In this ever-evolving digital landscape, there are two types of organizations:
- Those that have been breached
- Those that will be breached
All kinds of businesses—regardless of the size—are at risk of security breaches, no matter how many layers of security they have. So the real question you should be asking is: are you able to respond appropriately and quickly enough when an attack happens?
This is where a solid security detection and response plan comes in.
Take it as a crucial process where your security teams need a coordinated and organized approach to any incident.
Let’s take a closer look at some of the most important steps you need to take to efficiently implement security detection and response.
Prepare essential tools and layout processes
A single antivirus is not enough to keep your networks secure. There’s a high chance of threats slipping through this barrier, especially with the presence of visibility gaps and floods of false positives and negatives.
In this case, you might want to consider the SOC Visibility Triad approach to fortify your security detection and response plan. This include three essential solutions, which are:
- SIEM – processes the extent and depth of threats
- Endpoint Detection and Response (EDR) – your window into endpoints
- Network Detection and Response (NDR) – prompts the detection of breaches at every stage of compromise
Implementing such an approach allows you to eliminate weak points and boost your cybersecurity through integration.
Identify, evaluate and determine the extent of the incident
A lot of malicious activities can be detected in the network traffic. This is where you can perform a forensic evaluation of the traffic patterns and content using tools that alert you of a compromise. This includes:
- Port scanning
- Communication with command and control
- Botnet servers
- High data transfers
- Anomalies and changes in the host’s behavior
After these detection tools perform their job and notify you of suspicious activities on your network, the next step would be to identify the cause of the vulnerability, as well as the device/s responsible for it. Here you can use NDR tools that can provide you with crucial information, such as:
- Relevant device through IP address
- Device domain name
- Time of detection
- Physical address of the device
- User identity
- IP addresses
Analyzing the extent of the incident is also important, especially since modern threats tend to perform lateral movement and spread quickly throughout the network.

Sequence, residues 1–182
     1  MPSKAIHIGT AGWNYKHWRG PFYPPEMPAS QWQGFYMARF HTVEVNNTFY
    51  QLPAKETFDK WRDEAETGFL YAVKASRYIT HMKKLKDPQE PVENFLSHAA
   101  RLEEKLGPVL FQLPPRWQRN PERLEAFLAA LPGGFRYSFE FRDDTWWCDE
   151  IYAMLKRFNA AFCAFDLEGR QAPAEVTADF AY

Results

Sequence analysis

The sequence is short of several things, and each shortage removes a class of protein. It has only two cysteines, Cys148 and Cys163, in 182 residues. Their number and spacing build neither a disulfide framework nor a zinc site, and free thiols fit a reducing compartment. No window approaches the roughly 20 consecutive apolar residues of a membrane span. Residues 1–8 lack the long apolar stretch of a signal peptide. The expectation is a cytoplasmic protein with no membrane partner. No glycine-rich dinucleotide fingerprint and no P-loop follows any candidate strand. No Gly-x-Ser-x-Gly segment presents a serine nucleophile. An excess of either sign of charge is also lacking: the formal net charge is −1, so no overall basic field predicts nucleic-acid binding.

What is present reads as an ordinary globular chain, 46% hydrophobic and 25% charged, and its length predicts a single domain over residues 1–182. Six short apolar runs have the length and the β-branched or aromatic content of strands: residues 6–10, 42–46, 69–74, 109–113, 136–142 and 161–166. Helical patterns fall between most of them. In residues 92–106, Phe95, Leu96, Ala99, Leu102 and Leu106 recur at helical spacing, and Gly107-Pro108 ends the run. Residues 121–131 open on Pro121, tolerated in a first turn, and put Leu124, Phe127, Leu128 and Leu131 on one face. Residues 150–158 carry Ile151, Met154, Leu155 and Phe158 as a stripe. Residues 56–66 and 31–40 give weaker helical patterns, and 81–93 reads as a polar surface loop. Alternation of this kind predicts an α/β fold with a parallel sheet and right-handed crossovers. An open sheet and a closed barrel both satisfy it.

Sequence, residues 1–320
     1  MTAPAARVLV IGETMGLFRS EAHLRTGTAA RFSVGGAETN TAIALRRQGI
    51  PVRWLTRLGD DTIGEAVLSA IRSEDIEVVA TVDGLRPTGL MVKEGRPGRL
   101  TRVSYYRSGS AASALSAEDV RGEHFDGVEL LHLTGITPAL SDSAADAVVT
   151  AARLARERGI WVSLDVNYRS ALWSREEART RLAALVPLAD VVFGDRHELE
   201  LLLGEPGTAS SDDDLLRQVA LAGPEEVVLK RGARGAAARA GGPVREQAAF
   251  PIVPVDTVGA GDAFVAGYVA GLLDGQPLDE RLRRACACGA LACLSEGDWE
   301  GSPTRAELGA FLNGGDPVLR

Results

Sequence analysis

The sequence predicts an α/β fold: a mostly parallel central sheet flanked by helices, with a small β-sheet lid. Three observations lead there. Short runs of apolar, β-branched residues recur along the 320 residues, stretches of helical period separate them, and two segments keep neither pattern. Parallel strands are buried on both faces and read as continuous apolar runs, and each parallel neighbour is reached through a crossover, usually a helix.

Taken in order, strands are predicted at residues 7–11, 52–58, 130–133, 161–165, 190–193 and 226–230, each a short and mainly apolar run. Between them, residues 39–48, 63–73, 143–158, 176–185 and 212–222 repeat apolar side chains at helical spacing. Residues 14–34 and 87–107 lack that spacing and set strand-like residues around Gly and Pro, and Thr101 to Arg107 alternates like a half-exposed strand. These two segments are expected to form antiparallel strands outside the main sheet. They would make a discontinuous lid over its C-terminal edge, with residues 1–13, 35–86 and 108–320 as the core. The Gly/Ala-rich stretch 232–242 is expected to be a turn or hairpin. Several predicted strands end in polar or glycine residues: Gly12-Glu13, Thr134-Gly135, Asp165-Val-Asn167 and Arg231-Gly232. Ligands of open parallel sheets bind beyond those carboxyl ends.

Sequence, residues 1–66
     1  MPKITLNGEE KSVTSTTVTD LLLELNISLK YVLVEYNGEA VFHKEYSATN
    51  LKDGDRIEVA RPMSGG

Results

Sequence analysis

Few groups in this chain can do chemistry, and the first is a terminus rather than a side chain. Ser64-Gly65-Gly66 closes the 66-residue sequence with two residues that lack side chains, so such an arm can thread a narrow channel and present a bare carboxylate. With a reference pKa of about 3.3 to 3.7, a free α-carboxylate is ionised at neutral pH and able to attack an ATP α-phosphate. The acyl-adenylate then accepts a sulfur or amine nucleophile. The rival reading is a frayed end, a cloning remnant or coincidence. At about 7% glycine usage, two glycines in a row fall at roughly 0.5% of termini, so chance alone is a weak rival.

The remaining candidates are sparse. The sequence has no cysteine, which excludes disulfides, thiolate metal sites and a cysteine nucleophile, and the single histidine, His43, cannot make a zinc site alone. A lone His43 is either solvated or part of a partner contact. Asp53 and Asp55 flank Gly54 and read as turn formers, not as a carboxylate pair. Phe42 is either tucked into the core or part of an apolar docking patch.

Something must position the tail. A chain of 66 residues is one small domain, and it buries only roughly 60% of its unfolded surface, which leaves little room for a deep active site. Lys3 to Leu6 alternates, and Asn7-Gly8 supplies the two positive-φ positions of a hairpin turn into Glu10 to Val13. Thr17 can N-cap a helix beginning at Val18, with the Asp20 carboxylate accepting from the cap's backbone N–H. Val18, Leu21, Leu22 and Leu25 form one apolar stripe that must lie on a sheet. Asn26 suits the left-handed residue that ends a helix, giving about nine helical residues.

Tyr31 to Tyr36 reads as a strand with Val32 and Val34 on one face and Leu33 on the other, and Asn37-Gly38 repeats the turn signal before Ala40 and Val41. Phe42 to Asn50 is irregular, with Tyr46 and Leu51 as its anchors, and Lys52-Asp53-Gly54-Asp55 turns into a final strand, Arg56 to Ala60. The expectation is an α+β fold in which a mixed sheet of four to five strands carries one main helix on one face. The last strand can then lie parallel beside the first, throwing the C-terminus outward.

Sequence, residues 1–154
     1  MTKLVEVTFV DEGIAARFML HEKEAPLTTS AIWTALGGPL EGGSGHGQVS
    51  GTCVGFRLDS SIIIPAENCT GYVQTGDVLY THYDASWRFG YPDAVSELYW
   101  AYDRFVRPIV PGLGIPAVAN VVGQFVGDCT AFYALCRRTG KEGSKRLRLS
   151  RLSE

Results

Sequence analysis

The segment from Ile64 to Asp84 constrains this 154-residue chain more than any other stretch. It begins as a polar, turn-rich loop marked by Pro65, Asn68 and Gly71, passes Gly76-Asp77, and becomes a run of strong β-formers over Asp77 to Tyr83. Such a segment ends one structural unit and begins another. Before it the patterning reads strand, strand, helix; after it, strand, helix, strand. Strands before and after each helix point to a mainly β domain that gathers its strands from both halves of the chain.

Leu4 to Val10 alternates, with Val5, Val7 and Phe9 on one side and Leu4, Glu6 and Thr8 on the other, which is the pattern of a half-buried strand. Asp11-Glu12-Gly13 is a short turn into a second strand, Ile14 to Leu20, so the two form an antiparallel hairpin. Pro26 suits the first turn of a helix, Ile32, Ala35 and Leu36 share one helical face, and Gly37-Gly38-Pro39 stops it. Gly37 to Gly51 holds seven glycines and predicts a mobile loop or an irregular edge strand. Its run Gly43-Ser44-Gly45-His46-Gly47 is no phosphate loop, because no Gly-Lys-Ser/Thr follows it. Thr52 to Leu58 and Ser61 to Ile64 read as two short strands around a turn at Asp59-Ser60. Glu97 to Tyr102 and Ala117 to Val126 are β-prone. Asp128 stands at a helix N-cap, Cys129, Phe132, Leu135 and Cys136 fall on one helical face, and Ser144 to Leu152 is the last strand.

Respond at an early stage
One of the major goals of a good security detection and response plan is to successfully contain malicious codes to alleviate their impact on your network and data.
To achieve this, your entire response process should include some basic—but essential—steps, such as:
- Blocking incoming emails on the email server
- Removing malicious emails from user mailboxes
- Blocking malicious URLs from access on proxy
- Flagging possibly infected workstations that have visited malicious URLs
- Flagging workstations that downloaded unwanted payload
- Block ransomware traffic that displays calling home on IPS, firewall, and on proxy
- Prevent out-of-office workstations from connecting to your network until they are scanned
This step is where you ensure that the malicious code that entered your network has been removed. Determine the entry point of the breach, plug the security hole and implement patches.
When you’re through with that, you need to clean all affected devices and systems to make their functions restored and you’re ready to return back to business.
The assessment stage is where you’ll be completing an incident report to help you improve and make adjustments to your security detection and response plan. You should also continue with security monitoring even during this stage, particularly since some attacks may be only a cover for another malicious activity.
During this stage, review:
- What happened and when
- How well your incident team performed
- Were documented procedures followed?
- Were those procedures adequate
- What information was missing when it was needed
- What actions slowed recovery
- What could be done differently
- What can be done to fend off future incidents
- What indicators can be looked for in the future
The results of reviewing these questions can be used to update your policies and procedures, while also creating useful institutional knowledge for future incidents.
Remember, a solid security strategy is an ongoing process. You might want to consider conducting security training to educate your employees if there was a human or social vulnerability exposed.
If you want to protect your network better, you should carry out a comprehensive security detection and response plan. Take your security response plan to the next level by considering following through with these essential steps.
Comodo has top-notch security services that can reduce your response time and the impact of a breach, get in touch with us today.